Fleeting moments of life are immortalised in the frames of Bobinson K.B.

A rush of emotions confronts you at the exhibition of photographs at Durbar Hall Art Gallery — the joy of motherhood, the naughty gleam in a child’s eye, the meditative trance of an oracle or the mad frenzy of fire dancing. The photographs are random, capturing the beauty and expectation of a fleeting moment. Bobinson K.B., the photographer, says most of these visuals have marked a turning point for him. “It is like a tick mark on the path on which you are walking,” he says, explaining the story behind each frame.

Most often than not, it is the moment just before something happens that makes a powerful picture, says Bobinson. Each frame has multiple layers, which may or may not choose to reveal themselves. “Of course, it is up to the viewer to derive his/her own conclusions from the picture,” he says, “but there are definitive tales behind every angle.”

The exhibition, titled ‘Anargha Nimishangal’ is a collection of 26 photographs reflecting a clutch of unique moments from life.

One of the photographs shows a Buddhist monk, barely four years old, sitting between two grown up monks. His hands are folded and his face is filled with an expression of guileless curiosity. The picture was taken at the Tawang Monastery in Arunachal Pradesh. When Bobinson walked into the monastery, he saw the child and felt an instant emotional connect with him. “The monks were in prayer and the room was not well lit. The picture may not be technically perfect. But the emotion just had to be immortalised,” he says. One could perhaps pick up innumerable threads of a socio-political discourse from the photograph — the fate of Tibetan refugees and the helplessness of children who are sent to the monasteries in their early childhood to begin with. But none of it really will match up to the intensity of feeling the picture imparts.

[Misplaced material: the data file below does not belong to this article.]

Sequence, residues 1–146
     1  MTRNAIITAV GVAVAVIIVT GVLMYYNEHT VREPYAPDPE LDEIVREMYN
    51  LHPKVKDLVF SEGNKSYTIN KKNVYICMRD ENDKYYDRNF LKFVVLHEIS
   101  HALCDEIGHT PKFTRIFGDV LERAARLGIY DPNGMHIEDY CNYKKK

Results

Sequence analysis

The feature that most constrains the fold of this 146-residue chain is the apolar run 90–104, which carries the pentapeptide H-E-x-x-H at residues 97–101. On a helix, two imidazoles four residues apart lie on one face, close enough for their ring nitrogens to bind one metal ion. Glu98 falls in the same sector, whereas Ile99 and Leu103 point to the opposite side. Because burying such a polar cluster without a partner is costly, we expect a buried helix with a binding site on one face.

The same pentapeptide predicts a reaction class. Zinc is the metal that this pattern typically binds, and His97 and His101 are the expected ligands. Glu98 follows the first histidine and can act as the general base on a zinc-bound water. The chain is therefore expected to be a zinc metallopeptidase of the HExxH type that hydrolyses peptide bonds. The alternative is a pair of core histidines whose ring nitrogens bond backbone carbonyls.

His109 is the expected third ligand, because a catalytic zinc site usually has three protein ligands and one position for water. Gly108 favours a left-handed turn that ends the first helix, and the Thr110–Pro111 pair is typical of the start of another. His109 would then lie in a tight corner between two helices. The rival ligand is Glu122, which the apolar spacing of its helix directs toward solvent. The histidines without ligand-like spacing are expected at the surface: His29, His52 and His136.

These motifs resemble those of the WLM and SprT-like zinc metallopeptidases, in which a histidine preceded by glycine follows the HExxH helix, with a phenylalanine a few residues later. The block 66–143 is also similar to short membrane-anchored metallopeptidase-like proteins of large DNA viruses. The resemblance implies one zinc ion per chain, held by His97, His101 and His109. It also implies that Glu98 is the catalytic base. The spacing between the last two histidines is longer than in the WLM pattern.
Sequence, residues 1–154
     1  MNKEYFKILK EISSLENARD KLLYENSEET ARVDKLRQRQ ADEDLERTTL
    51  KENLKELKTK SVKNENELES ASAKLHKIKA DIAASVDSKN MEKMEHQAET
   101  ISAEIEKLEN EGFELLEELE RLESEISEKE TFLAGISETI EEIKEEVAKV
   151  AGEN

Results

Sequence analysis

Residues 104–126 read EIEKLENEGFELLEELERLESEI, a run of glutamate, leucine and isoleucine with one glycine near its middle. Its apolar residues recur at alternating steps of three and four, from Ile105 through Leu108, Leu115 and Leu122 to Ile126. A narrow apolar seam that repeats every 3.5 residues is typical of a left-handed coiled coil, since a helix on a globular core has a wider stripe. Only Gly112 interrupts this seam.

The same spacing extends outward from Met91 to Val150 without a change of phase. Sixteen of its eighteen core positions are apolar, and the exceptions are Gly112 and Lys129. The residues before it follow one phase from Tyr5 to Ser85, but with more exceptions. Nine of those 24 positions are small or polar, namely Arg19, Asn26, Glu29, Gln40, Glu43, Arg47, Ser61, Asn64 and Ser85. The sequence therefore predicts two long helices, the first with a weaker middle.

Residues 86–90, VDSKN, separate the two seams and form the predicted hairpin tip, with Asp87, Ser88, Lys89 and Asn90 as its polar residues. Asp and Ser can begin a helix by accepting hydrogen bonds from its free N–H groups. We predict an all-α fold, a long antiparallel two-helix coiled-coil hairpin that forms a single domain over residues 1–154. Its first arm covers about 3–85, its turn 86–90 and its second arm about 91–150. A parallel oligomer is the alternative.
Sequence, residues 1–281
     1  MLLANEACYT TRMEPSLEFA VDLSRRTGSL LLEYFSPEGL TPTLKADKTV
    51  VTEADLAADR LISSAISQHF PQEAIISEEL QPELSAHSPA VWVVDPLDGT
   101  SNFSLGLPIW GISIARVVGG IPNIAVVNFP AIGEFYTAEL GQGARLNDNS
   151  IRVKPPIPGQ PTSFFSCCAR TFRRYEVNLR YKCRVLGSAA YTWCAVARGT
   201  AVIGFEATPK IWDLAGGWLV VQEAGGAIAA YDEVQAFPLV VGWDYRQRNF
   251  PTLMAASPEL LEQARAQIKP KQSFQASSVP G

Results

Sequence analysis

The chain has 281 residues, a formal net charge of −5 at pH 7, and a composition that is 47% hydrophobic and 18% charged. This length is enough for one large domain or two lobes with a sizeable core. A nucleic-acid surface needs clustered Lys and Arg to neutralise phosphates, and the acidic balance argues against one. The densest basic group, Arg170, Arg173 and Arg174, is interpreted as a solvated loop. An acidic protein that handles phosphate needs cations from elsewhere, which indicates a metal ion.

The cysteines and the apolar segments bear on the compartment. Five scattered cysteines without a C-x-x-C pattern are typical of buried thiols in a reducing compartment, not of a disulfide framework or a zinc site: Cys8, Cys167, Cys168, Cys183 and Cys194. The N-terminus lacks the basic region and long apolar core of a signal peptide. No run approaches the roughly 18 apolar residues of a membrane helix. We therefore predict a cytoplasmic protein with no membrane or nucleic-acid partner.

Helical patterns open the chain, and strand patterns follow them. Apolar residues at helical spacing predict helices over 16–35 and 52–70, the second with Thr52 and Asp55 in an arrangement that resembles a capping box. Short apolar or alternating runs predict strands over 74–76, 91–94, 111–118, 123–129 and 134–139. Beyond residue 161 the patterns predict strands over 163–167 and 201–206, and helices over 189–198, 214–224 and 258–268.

Another photograph shows a man inspecting his boot, the ground covered with snow. The picture was shot when he was visiting Quebec, Canada. A military armoury had caught fire and people had gathered to watch the commotion that ensued. Bobinson chose to freeze this particular frame, a lonely figure enveloped by snow. “It is all about what you feel at that moment,” he says.

An engineer who graduated from the REC, Calicut, Bobinson does not know how exactly he got into photography. He has been taking pictures for the last eight years, without any formal training. However, he has had several accomplished mentors, who have guided him through the aesthetic lessons of photography. Painting was a passion, so was software. But photography is something he holds close to his heart. His fascination for life, literature, poetry and travelling perhaps brings in the lyrical quality to his frames. The exhibition is on till September 3.